Saturday, June 21, 2008

Ethnobotany and the Origins of Plant Knowledge

I'm reading a fascinating book by Harvard ethnobotany scholar, Wade Davis, better known for his book-turned-movie the Serpent and the Rainbow. The book I'm currently in the middle of, One River, Explorations and Discoveries in the Amazon Rain Forest, is mind blowing. Having spent a good deal of time studying the ethnobotany of the Pacific Northwest native people, I have an interest in the topic. Having never been to the Amazon, and never really having a desire to travel there, I've suddenly changed my mind. Pictures in my mind of "savages," muddy serpent infested rivers, and thick, dark jungles must be a result of the sort of "history" that was given to my schoolmates and I during the 70s and 80s. Not only is this book re-educating me as to the real horrors of the Amazonian jungle--the Spaniards and Europeans and their "missionaries" who infested the jungle as early as the 1500s and continued their atrocities through the late 1800s, but it is also sparking some creative interest in reflecting on theories and ideas of how people came to know the many properties of plants and then created their own rituals for use and teaching.

The section of the book that caused me to again consider the origins of plant knowledge had to do with the late Harvard Ethnobotanist Richard Schultes, who is reknowned for his extensive studies of the Amazon flora and who lived amongst many different indigenous tribes during his time there in the first half of the 20th century. Dr. Schultes had already been living amongst the Amazon peoples for well over a decade, and had already identified and collected thousands of species of plants that were commonly employed for food, crafts, and intoxicant use. He had undergone a multitude of different ceremonies during which a vareity of different psychotropic plants were consumed or otherwise and made remarkably scientific observations about each of his experiences. A hippie of the 60s he was not--this man was all scholar and science. After having recently discovered the Amazonian beverage yage, Banisteriopsis caapi, and learning that a variety of different plants were used as admixtures to alter the effect of the original blend, Dr. Schultes began to ponder what most botanist don't often write about:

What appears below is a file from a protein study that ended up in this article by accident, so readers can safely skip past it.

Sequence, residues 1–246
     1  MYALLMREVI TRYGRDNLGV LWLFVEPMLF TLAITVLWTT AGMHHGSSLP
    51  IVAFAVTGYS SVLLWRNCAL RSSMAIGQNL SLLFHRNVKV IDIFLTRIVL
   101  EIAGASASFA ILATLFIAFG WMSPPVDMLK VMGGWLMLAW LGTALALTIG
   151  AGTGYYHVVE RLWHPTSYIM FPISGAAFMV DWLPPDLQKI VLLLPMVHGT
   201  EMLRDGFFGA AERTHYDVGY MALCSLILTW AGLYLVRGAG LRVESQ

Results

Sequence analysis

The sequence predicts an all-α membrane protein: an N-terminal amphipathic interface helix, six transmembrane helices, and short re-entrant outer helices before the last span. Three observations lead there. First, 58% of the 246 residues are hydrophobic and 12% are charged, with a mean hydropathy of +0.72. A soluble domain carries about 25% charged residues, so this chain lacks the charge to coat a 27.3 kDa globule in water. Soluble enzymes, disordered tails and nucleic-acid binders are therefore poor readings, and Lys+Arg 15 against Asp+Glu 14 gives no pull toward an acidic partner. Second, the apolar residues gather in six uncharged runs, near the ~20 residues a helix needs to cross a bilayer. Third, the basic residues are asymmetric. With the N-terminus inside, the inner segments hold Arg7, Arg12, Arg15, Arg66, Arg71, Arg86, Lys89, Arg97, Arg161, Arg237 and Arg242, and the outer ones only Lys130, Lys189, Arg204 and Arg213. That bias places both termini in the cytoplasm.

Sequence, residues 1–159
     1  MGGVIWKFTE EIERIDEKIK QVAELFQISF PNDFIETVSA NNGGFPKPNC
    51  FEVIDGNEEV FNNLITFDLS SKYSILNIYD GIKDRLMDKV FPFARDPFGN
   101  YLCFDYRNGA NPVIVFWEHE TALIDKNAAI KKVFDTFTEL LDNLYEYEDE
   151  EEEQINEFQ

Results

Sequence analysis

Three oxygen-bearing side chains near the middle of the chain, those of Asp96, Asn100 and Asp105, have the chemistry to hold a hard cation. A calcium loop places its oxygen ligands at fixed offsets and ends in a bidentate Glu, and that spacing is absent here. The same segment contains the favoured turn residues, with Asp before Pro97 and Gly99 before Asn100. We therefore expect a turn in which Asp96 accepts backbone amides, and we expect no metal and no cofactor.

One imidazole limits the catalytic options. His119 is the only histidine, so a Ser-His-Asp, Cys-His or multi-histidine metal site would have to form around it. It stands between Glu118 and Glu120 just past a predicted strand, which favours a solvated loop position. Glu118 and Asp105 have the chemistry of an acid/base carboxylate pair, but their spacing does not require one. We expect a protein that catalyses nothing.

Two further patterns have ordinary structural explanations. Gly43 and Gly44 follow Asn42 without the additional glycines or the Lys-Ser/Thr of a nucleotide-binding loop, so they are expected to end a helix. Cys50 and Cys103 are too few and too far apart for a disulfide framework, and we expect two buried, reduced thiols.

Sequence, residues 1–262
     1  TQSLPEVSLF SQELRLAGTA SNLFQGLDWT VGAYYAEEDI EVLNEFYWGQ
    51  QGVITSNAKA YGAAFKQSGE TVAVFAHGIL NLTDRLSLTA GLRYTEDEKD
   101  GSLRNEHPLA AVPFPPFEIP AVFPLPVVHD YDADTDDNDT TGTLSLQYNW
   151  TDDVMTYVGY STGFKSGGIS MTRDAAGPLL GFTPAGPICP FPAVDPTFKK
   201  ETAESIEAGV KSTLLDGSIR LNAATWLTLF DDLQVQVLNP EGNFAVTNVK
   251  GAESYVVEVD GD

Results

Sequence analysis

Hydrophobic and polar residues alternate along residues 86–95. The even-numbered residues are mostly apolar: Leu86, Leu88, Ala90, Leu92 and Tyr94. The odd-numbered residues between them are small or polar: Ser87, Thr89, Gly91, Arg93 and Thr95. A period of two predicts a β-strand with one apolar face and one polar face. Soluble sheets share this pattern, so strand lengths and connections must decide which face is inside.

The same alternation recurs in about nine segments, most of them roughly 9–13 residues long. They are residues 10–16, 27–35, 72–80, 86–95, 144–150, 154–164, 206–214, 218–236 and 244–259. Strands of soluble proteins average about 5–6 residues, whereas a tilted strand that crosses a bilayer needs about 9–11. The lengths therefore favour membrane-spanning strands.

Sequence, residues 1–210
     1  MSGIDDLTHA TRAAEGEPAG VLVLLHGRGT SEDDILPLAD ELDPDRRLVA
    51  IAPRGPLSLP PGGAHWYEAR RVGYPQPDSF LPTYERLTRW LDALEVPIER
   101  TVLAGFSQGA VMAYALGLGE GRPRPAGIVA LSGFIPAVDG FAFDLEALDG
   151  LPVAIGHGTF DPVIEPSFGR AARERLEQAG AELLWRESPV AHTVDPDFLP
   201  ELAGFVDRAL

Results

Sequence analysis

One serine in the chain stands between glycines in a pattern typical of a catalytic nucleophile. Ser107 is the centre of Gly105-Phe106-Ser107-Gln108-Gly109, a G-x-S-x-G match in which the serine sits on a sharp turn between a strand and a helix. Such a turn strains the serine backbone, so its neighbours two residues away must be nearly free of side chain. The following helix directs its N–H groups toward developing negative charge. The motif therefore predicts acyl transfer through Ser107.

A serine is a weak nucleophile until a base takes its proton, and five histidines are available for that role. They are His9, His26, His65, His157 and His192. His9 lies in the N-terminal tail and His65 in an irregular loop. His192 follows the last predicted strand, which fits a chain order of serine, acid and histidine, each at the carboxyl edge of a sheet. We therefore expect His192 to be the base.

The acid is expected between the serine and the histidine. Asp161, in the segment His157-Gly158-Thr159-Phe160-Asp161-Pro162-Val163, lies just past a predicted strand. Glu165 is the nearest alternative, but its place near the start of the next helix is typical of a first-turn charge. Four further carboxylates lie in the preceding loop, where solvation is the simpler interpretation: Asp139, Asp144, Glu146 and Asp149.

"The Amazonian flora contains literally tens of thousands of species. How had the Indians learned to identify and combine in this sophisticated manner these morphologically dissimilar plants that possessed such unique and complementary chemical properties? The standard scientific explanation was trial and error--a reasonable term that may well account for certain innovations--but at another level, as Schultes came to realize on spending more time in the forest, it is a euphemism which disguises the fact that ethnobotanists have very little idea how Indians originally made their discoveries.

"The problem with trial and error is that the elaboration of the preparations often involves procedures that are either exceedingly complex or yield products of little or no obvious value. Yage is an inedible, nondescript liana that seldom flowers. True, its bark is bitter, often a clue to medicinal properties, but it is no more so than a hundred other forest vines. An infusion of the bark causes vomiting and severe diarrhea, conditions that would discourage further experimentation. Yet not only did the Indians persist but they became so deft at manipulating the various ingredients that individual shamans developed dozens of recipes, each yielding potions of various strengths and nuances to be used for specific ceremonial and ritual purposes."

"The Indians naturally had their own explanations, rich cosmological accounts that from their perspective were perfectly logical: sacred plants that had journeyed up the Milk River in the belly of anacondas, potions prepared by jaguars, the drifting souls of shamans dead from the beginning of time. As a scientist Shultes did not take these myths literally, but they did suggest to him a certain delicate balance. 'These were the ideas,' he would write half a century later, 'of a people who did not distinguish the supernatural from the pragmatic.' The Indians, Schultes realized, believed in the power of plants, accepted the existence of magic, and acknowledged the potency of the spirit. Magical and mystical ideas entered the very texture of their thinking. Their botanical knowledge could not be separated from their metaphysics." (pp. 217 - 218)